The God of Carnage

HANNAH MIRSKY is compelled by the behaviour of squabbling adults who have forgotten to put away childish things.

ADC Corpus Playroom hannah mirsky Isabelle Kettle jon porter lara ferris Olivia Emden The God of Carnage thomas fraser Yasmina Reza

Corpus Playroom, 7pm, Tuesday 7th – Saturday 11th May, £6/5

When I was ten, I was a library monitor. Retrospectively, I’m not sure what the point of that job was – it mostly involved rearranging books in height order. (I won’t even bother making a joke about my coolness as a child.) Anyway, there were six of us, but we subdivided into two warring factions of three, huddled in opposite corners of the school library, sending threatening notes across the room. At the time, the rivalry was an all-consuming passion, filling us up with utterly ungrounded grudges. The God of Carnage, in its depiction of two middle-class French couples meeting to discuss their eleven-year-old sons’ violence, is a play which posits that people don’t necessarily grow out of this kind of behaviour. Michael Vallon, played adeptly by Matt Clayton, responds to the news that his son has his own gang with the exclamation, ‘Fantastic!’

The actors do a very satisfying job of exposing the childishness beneath their characters’ respectable veneers. Isabelle Kettle as the moralising Veronica Vallon deserves special recognition for her utterly convincing depiction of Veronica’s slide from artsy smugness to bitchy hysteria. The other characters are perhaps marginally less unhinged, but no more likeable, and it is to the credit of the actors that they are able to keep an audience engaged in this world of hypocrisy and petty rivalries. They do occasionally miss the mark: Jon Porter as the shouting immoral lawyer Alan Reille sometimes delivers his more abstract lines as though they were universal truths, rather than a character’s opinion. (This might, in fairness, also have a little to do with the character’s breath-taking arrogance.) But flaws are minor in what is mostly a deftly naturalistic performance.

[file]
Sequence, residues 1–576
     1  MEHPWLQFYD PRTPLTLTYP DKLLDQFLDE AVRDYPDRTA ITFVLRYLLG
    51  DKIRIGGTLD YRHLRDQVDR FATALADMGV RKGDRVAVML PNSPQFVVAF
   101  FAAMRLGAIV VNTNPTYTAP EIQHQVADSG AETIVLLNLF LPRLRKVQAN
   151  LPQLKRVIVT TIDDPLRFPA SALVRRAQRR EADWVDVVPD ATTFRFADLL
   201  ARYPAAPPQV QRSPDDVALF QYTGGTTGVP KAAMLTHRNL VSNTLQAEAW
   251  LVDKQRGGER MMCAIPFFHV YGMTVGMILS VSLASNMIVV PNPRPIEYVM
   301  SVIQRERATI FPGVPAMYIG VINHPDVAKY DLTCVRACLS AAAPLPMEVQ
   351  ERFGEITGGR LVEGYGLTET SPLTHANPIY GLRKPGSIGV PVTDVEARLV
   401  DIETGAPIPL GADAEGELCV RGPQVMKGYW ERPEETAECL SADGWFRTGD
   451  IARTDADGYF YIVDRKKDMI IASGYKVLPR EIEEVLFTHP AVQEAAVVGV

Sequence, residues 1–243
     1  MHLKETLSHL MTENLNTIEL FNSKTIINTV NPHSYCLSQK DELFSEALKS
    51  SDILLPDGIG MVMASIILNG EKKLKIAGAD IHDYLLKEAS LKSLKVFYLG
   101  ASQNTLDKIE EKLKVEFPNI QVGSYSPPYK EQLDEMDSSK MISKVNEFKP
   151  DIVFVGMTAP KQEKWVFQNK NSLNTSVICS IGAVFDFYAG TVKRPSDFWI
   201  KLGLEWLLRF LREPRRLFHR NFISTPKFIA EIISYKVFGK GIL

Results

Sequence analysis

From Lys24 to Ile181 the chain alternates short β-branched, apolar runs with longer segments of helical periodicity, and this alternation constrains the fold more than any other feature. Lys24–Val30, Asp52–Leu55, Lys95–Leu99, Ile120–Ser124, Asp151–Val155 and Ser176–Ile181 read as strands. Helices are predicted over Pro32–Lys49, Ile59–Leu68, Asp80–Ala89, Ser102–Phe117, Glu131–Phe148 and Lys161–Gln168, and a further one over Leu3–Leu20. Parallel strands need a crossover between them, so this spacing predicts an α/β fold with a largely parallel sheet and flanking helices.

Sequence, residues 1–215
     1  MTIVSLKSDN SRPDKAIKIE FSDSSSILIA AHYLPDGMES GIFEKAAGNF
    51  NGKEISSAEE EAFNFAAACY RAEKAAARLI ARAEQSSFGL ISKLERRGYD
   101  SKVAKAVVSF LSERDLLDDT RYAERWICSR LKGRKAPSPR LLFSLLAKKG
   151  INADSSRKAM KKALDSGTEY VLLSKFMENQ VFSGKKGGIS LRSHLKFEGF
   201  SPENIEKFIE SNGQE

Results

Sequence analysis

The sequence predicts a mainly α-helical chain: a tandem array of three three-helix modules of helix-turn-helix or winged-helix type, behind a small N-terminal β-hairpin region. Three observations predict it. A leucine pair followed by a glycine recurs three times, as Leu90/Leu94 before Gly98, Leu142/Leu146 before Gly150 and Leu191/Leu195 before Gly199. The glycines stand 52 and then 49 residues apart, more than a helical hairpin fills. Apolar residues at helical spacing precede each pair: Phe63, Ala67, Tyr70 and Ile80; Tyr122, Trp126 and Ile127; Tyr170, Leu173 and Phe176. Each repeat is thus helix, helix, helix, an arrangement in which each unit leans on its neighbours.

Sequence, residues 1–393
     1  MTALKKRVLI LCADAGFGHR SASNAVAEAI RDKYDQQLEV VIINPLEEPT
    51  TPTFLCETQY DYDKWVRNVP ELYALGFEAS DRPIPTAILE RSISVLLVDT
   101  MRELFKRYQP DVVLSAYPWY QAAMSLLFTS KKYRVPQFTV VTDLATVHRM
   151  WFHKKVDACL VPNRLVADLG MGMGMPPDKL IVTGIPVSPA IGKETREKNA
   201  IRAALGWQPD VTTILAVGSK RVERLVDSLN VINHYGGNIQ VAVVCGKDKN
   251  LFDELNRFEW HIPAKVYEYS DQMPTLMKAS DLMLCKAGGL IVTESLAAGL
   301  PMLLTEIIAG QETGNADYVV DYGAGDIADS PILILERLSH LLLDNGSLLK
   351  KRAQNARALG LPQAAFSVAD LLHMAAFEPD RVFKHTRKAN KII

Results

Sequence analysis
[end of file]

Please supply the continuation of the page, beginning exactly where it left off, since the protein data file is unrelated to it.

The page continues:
At times, however, the production is almost too naturalistic: the advertising promises a ‘savagely funny’ production, but many of the comic lines aren’t given the space, in the to-and-fro of realistic conversation, to raise the smallest of laughs. Only Olivia Emden as Annette Reille really gets across the potential hilarity of the situation, delivering drawling sarcasm on lines such ‘Oh, I am sorry’, and shooting pointed angry looks at Porter, playing her husband. The production does have some very funny moments, but its commitment to psychological realism means it leans heavily on the play’s philosophical implications about the self-centred nature of humanity rather than the comedy. At times it is in danger of taking the characters’ petty world a little too seriously.

Nonetheless, the bickering still makes for compelling viewing: one particularly infantile retaliation left me open-mouthed in shock. The God of Carnage won’t provide you with the funniest evening of your life, but it will both enthral and appal you. Its bleakness about our inherent selfishness is thought-provoking, and the action is gripping. I left the theatre close to flabbergasted at the squabbles of these apparent adults who had, at some point growing up, forgotten to put away childish things.